Lost and Found in a Baby Bird’s Egg – Siem Reap, Cambodia

Lost and Found in a Baby Bird’s Egg
Siem Reap, Cambodia

Sometimes, somehow, when you’re traveling alone, just when you are feeling down and feeling like you must move on before you sink into a place you don’t want to find yourself, something extraordinary happens that keeps you going.

Tonight, was one of those nights. Darkness was falling quickly on the town of Siem Reap, night lights had turned into flickering fires set by the side of the road, reeking of burning plastic that wretchedly turns your stomach when inhaled. Wandering, I decided to not let my despondency get the better of me, and stopped by a local makeshift noodle stall for a can of Bayon beer. Just three days into my trip to Cambodia, I contemplated if I had come to a place I can manage, and better yet manage alone, with my happiness and heart intact. A legless beggar incessantly peered into my eyes from below the foldout table, clasping his hands together in desperation. Dragging his torso closer, his head came no farther than the scruffy black dog’s in the position next to him, together scrounging for scraps as though a traveling circus act.

After nearly 20 minutes, two minutes shy of resigning myself to my guesthouse around the corner, a young Khmer couple shyly sat down in front of me. They arrived by way of a well-maintained tuk tuk, the shiny lacquered sort designed for carrying tourists around Angkor Wat by day. We all smiled congenially, and after exchanging a few glances, the young woman inquired if I was traveling alone, and quizzically wondered why. I never quite know how to answer that question, but at this particular moment, I could only think to say “I really don’t know.”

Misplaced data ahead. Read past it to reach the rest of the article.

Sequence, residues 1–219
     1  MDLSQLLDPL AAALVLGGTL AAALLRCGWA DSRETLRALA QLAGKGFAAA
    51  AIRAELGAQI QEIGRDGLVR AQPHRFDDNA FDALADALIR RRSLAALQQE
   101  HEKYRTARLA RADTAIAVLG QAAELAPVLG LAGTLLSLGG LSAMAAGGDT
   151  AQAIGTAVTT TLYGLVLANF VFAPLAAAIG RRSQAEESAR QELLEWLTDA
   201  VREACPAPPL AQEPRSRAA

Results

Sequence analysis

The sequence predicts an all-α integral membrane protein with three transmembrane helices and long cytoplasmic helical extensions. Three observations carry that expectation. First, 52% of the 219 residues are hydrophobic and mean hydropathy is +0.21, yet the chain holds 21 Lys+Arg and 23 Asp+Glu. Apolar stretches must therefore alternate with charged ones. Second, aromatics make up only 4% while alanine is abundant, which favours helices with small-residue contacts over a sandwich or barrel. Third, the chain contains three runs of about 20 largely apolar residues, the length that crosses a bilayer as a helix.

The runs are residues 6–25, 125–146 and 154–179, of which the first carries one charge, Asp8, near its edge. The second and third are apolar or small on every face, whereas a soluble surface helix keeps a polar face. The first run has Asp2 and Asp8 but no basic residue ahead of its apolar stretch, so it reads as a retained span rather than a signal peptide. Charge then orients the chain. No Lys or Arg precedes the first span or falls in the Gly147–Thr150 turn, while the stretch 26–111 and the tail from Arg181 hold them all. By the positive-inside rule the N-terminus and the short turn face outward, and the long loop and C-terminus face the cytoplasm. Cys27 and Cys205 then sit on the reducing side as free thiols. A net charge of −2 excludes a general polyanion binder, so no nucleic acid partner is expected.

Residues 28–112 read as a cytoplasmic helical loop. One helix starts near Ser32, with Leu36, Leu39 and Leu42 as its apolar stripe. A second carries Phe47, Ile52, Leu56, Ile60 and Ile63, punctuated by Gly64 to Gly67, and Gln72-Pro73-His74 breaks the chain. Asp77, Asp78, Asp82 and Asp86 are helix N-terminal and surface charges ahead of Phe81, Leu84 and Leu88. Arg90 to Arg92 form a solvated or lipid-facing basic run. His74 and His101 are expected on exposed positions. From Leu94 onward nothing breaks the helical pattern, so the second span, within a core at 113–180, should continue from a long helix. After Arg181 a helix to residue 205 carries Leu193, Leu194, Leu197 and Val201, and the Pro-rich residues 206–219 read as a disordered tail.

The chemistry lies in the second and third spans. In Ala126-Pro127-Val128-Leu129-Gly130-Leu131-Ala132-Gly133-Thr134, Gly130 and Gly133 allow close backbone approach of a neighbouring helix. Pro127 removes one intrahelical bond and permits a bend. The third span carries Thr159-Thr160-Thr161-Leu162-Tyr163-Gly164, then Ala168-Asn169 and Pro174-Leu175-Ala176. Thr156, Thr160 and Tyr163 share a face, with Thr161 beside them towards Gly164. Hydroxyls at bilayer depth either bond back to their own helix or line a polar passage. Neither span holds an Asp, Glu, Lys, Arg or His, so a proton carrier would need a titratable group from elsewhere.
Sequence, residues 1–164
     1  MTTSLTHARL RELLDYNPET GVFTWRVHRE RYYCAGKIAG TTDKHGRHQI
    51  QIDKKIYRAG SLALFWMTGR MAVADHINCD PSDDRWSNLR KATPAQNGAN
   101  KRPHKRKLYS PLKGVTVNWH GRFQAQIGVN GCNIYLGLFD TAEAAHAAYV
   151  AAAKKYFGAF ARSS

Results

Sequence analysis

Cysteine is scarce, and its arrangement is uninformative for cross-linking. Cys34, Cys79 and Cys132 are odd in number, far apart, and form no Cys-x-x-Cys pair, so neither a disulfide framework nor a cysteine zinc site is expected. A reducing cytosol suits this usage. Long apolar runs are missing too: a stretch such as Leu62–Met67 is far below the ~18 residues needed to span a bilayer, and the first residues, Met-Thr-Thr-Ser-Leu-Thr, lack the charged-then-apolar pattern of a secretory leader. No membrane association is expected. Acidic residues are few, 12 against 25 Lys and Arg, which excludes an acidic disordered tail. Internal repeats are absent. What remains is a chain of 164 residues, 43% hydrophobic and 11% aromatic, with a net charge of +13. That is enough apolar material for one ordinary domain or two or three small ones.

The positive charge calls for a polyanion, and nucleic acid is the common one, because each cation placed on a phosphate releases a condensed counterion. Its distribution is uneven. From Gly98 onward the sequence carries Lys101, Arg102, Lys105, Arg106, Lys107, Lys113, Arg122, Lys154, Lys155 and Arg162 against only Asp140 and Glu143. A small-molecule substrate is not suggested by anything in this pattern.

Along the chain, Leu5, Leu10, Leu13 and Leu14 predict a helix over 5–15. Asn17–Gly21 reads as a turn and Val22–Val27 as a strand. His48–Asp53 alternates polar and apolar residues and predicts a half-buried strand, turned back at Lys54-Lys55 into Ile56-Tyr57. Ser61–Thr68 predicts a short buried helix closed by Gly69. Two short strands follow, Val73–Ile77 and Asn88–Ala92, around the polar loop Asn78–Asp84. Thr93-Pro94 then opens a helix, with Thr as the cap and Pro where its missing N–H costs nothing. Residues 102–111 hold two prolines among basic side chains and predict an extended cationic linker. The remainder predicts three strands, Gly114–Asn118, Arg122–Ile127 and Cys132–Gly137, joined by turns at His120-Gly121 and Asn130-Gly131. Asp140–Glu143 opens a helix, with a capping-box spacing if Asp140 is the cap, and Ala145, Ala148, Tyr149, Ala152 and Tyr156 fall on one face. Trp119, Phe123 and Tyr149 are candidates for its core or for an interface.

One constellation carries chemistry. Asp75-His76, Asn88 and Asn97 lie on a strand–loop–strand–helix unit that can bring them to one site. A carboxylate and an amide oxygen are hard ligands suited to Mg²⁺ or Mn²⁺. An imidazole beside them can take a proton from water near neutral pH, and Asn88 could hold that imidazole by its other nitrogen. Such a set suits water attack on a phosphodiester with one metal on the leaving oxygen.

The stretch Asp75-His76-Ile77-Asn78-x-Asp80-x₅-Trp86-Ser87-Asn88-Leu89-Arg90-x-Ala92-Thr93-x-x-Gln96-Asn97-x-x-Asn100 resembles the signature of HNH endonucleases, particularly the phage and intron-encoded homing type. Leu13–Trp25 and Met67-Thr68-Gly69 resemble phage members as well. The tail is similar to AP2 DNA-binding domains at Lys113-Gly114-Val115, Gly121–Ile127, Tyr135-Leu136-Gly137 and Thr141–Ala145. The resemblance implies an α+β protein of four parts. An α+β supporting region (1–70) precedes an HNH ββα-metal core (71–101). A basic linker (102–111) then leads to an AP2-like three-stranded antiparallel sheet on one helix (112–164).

They ordered two large white eggs, and began to crack the tops of them open when after some discussion, appeared another egg in front of me, teetering in a saucer just large enough to keep it upright. Having no idea how to carry forth, the couple proceeded to direct me: Here sat an egg with a baby bird inside, for starters. Upon creating a quarter-size opening at the top, the woman took charge of my egg, dropping its contents into a small dish. A grey-embryo substance dropped first, followed by a harder sack, which was vaguely described as the baby’s pillowcase. She adeptly mixed a cup of ground black pepper and limejuice, tore off a few sprigs of green leafy herb from her pile and sprinkled the concoction over the egg’s contents.

Her face glowing with an airy bliss, I thought to inquire if they were married. The woman’s face brightened, and she said they were to be married next month. Her fiancé smiled, more of an uncontrollable reaction at the thought of it than a part of the conversation itself. Vet, shortened I’m sure for my sake, explained that she didn’t know the exact date of their wedding, as she must first approach her fiancé’s family, at which time they would decide what specific day would bring them everlasting luck and good fortune. Upon her insistence, we exchanged numbers, and she invited me to be her guest at one of the pre-wedding festivities. I was instructed to wear a nice dress � a wonderfully funny moment considering the scruffy T-shirt and dusty travel pants that had all but melded themselves to my body.

The combination of egg, herb and limejuice was simply delicious � tart, meaty and flavorful. By far, the tastiest thing I had eaten so far in Cambodia. The couple explained that this was his dinner, he had just dropped off his last temple customer, and she was simply accompanying him for a late-night snack.

My efforts to pay for the egg were swiftly waved off and in the same moment, the couple bounded off, swerving into the oncoming chaos in the road. I wished them the best of luck and happiness, and off they went, giving me the energy to hoist my rucksack over my shoulder and carry on.

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